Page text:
• Professor Elizabeth Meins - 'mind-mindedness' and child development
  • Professor Anna Theakston - latest research on the effect of babies' environment on later language learning
  • Tracey Jevvons-Hazard - the evidence base for Nottingham's Small Steps, Big Changes project

If adults talk with children effectively—taking the lead from the child, elaborating on what they say, asking questions, sharing rhymes or songs or books— then children are given the best start in developing the cognitive tools they need to succeed at school.

Early Intervention Foundation, The Best Start at Home, 2015

Early Years at the National Literacy Trust

The National Literacy Trust has a long history of working in the early years sector, directly changing childrens' lives through literacy. Below is a small selection of our work. Remember you can always contact us to find out more.

Early Words Together

Our flexible and evidence based programme to improve literacy skills with families in a nursery setting. Proven to improve children's language development and parental engagement, this programme has been stringently evaluated and implemented across the country.

We have also developed Early Words Together at 2, Early Words Together at 3 and Early Words Together for Multilingual Families. The best way to find out more is to get in touch with the team.

Small Talk

Small Talk forms part of our home learning environment initiative, run with the Department for Education (DfE). Judith Parke presented on the project as part of the conference, and outlined the need within the most disadvantaged communities in England. Children from these communities start primary school with a vocabulary 19 months behind their peers, a gap most will never recover from.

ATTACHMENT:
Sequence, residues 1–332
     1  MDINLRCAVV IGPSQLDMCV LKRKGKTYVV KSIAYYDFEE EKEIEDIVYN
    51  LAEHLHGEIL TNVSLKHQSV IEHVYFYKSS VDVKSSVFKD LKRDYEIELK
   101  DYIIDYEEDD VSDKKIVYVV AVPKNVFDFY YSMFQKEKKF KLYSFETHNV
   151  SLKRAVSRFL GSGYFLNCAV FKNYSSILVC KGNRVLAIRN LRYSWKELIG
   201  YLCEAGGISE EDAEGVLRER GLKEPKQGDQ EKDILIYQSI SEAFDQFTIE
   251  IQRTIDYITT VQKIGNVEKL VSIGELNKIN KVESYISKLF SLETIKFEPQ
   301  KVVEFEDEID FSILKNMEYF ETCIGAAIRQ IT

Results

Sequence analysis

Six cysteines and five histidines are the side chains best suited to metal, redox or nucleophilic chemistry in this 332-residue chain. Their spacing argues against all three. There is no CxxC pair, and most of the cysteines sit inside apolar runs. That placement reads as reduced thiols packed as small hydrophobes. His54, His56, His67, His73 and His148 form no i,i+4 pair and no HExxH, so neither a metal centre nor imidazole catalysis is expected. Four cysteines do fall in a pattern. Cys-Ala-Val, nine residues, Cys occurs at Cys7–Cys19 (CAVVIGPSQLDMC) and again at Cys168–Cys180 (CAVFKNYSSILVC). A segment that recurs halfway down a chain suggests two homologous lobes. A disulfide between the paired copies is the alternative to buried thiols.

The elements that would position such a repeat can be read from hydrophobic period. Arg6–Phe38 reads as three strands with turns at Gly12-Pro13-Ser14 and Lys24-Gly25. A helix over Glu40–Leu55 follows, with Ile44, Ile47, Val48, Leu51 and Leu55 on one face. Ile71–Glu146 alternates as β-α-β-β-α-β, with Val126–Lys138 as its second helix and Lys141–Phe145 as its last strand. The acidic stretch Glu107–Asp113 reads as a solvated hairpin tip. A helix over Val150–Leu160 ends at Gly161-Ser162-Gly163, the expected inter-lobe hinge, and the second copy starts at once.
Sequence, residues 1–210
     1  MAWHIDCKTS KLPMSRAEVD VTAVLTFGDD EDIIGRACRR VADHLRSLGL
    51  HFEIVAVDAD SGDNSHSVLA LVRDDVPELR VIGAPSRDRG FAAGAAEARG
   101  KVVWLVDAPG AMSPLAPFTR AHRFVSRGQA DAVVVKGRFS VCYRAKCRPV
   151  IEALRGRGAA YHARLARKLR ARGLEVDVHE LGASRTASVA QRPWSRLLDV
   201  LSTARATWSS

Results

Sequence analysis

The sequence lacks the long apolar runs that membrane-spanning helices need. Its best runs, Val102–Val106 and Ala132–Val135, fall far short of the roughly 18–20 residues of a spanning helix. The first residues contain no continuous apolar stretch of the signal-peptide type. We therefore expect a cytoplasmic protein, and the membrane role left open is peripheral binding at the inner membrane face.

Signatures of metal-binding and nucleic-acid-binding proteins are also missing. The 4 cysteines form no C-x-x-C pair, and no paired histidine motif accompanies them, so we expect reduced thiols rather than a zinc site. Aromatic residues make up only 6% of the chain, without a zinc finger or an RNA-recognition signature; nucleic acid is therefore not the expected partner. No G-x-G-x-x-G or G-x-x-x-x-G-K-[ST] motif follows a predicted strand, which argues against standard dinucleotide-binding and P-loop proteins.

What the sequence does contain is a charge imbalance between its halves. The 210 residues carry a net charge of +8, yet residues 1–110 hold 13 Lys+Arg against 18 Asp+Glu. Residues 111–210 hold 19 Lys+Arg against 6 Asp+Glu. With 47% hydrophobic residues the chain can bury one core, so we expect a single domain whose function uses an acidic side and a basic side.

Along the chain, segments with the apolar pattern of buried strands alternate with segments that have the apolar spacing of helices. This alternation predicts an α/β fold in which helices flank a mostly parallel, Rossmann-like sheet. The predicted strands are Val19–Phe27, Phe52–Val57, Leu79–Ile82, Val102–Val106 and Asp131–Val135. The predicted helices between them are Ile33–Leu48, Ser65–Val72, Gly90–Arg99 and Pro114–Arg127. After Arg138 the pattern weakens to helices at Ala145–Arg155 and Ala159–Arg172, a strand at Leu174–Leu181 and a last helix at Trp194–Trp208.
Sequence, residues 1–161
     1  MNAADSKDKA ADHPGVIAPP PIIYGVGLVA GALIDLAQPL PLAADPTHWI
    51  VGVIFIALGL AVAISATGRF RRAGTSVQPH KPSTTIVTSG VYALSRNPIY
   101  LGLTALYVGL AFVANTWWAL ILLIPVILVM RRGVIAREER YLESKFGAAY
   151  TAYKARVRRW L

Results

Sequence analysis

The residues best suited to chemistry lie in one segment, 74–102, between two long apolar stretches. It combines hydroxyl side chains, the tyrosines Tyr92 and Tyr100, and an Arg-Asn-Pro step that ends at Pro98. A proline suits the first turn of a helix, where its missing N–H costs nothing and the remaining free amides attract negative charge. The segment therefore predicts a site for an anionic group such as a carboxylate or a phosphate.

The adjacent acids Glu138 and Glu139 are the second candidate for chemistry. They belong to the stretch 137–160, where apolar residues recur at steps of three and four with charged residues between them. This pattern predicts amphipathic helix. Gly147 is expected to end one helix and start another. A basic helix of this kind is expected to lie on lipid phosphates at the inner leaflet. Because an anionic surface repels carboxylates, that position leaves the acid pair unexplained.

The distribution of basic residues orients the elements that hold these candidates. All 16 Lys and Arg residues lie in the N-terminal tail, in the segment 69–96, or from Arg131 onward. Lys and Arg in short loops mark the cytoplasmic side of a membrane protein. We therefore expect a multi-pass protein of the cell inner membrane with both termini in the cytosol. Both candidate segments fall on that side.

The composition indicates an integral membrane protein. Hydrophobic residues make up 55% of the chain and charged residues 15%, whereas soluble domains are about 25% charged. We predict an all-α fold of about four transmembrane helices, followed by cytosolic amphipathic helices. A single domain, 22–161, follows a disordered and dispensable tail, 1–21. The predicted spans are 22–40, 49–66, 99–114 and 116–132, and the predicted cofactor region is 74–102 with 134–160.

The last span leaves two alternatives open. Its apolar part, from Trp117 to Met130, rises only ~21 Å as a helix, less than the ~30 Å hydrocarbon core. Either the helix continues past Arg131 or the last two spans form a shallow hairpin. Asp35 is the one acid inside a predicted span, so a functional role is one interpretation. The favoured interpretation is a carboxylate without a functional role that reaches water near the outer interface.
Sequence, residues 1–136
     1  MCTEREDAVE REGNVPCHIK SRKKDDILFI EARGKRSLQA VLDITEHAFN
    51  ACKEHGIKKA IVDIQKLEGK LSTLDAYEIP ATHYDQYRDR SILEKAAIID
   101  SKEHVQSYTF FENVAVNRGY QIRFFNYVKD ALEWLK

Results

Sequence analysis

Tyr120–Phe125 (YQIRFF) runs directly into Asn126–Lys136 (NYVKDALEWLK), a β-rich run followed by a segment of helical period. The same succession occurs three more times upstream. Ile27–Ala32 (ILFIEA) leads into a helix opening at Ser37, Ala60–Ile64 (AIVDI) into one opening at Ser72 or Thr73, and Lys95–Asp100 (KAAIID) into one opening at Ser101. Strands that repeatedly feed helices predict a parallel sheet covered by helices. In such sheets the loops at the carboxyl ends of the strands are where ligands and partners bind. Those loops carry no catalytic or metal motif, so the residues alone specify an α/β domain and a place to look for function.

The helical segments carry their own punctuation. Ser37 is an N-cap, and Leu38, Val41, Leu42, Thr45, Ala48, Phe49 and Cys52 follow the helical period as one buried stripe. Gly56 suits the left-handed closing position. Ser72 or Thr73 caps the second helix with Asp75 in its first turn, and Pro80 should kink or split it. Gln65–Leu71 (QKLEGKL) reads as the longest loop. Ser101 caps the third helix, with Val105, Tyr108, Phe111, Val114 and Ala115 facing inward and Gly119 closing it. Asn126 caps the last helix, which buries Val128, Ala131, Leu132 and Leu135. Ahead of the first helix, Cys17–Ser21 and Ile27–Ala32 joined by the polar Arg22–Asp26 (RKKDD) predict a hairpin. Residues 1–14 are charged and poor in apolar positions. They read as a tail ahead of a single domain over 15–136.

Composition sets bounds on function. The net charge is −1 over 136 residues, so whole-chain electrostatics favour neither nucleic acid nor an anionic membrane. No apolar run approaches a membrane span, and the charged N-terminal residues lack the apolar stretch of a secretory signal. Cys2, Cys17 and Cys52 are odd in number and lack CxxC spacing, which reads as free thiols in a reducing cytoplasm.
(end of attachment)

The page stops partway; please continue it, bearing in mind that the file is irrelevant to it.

Small Talk works to combat this issue through local events where volunteers model chat, play and read activities from our new website ( Families can also sign up to our monthly newsletter. This targeted communication will provide parents with a new activity each month to try out, as well as providing another nudge towards doing these activities more often as part of their day-to-day routine.

HELLO improvement framework

This self-report and improvement framework can be used by practitioners and settings to review their own practices and implement positive changes to their communication, language and literacy provision. The framework focuses on three key areas, partnerships with parents, skilled practitioners and enabling environments.

For more information, read the final report from HELLO in Manchester.

Bilingual Quick Tips

We have created a series of bilingual quick tips, in 19 different languages, for parents and early years practitioners to help children develop good talking and listening skills.

If the language you need isn’t listed, we have created a blank template for each topic so that you can adapt it to the desired language.

Previous delegates

Previous delegates can still access the presentations from that year's conference. If you are having trouble accessing the page, please email

Find out about next year's conference